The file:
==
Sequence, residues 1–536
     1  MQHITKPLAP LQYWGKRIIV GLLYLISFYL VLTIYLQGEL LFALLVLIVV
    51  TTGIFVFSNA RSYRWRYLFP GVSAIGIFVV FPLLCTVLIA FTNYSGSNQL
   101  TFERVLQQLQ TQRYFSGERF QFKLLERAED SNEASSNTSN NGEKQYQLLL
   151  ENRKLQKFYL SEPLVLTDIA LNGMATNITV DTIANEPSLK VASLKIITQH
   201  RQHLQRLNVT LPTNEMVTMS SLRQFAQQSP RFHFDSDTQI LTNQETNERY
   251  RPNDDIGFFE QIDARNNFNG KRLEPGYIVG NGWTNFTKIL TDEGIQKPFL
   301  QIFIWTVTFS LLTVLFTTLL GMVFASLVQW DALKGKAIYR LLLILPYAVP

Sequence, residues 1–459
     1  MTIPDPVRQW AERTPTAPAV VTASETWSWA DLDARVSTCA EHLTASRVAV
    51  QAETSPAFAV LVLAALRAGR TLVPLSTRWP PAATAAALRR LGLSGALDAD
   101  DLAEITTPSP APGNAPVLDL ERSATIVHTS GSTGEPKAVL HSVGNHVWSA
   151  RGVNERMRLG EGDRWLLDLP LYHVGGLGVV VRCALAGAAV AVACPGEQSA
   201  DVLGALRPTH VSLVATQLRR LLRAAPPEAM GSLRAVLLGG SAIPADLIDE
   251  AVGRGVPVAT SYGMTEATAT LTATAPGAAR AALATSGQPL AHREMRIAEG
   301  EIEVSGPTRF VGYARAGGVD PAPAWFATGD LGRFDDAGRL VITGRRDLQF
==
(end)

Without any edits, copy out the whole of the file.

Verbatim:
Sequence, residues 1–536
     1  MQHITKPLAP LQYWGKRIIV GLLYLISFYL VLTIYLQGEL LFALLVLIVV
    51  TTGIFVFSNA RSYRWRYLFP GVSAIGIFVV FPLLCTVLIA FTNYSGSNQL
   101  TFERVLQQLQ TQRYFSGERF QFKLLERAED SNEASSNTSN NGEKQYQLLL
   151  ENRKLQKFYL SEPLVLTDIA LNGMATNITV DTIANEPSLK VASLKIITQH
   201  RQHLQRLNVT LPTNEMVTMS SLRQFAQQSP RFHFDSDTQI LTNQETNERY
   251  RPNDDIGFFE QIDARNNFNG KRLEPGYIVG NGWTNFTKIL TDEGIQKPFL
   301  QIFIWTVTFS LLTVLFTTLL GMVFASLVQW DALKGKAIYR LLLILPYAVP

Sequence, residues 1–459
     1  MTIPDPVRQW AERTPTAPAV VTASETWSWA DLDARVSTCA EHLTASRVAV
    51  QAETSPAFAV LVLAALRAGR TLVPLSTRWP PAATAAALRR LGLSGALDAD
   101  DLAEITTPSP APGNAPVLDL ERSATIVHTS GSTGEPKAVL HSVGNHVWSA
   151  RGVNERMRLG EGDRWLLDLP LYHVGGLGVV VRCALAGAAV AVACPGEQSA
   201  DVLGALRPTH VSLVATQLRR LLRAAPPEAM GSLRAVLLGG SAIPADLIDE
   251  AVGRGVPVAT SYGMTEATAT LTATAPGAAR AALATSGQPL AHREMRIAEG
   301  EIEVSGPTRF VGYARAGGVD PAPAWFATGD LGRFDDAGRL VITGRRDLQF